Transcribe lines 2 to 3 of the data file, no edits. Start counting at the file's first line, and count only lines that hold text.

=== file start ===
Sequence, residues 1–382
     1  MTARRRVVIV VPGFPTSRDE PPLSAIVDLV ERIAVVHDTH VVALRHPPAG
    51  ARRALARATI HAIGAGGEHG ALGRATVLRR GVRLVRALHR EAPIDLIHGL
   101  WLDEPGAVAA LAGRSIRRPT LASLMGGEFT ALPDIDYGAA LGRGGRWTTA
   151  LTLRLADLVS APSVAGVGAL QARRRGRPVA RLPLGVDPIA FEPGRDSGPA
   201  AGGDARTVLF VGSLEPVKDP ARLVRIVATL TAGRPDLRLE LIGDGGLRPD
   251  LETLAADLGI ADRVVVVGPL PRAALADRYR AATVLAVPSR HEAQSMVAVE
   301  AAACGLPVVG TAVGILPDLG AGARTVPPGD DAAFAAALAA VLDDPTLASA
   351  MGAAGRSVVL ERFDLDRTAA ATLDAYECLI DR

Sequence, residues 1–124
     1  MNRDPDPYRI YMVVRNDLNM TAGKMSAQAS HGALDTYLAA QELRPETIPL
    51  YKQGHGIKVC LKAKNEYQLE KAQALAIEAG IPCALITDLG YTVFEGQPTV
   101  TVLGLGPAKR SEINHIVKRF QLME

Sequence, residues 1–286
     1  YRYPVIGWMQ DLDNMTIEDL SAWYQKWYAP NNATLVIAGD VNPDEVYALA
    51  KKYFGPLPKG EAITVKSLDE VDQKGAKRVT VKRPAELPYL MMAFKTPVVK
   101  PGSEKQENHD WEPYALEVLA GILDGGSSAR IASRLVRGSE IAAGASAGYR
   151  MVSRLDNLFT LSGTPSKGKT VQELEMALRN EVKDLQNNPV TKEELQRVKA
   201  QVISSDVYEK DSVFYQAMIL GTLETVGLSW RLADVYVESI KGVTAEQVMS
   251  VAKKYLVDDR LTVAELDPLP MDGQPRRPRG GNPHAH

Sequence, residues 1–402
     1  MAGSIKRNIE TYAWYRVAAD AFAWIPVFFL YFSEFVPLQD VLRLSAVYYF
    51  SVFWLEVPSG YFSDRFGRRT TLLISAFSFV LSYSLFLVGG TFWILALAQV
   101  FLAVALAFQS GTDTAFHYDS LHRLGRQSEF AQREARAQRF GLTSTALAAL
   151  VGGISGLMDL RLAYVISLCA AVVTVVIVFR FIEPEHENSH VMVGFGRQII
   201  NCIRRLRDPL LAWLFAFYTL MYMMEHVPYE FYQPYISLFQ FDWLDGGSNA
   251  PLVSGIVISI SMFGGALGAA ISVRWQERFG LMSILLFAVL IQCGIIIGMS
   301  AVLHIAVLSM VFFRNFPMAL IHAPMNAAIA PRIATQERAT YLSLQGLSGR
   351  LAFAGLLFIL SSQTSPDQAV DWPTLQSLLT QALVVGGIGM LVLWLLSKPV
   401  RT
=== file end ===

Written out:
     1  MTARRRVVIV VPGFPTSRDE PPLSAIVDLV ERIAVVHDTH VVALRHPPAG
    51  ARRALARATI HAIGAGGEHG ALGRATVLRR GVRLVRALHR EAPIDLIHGL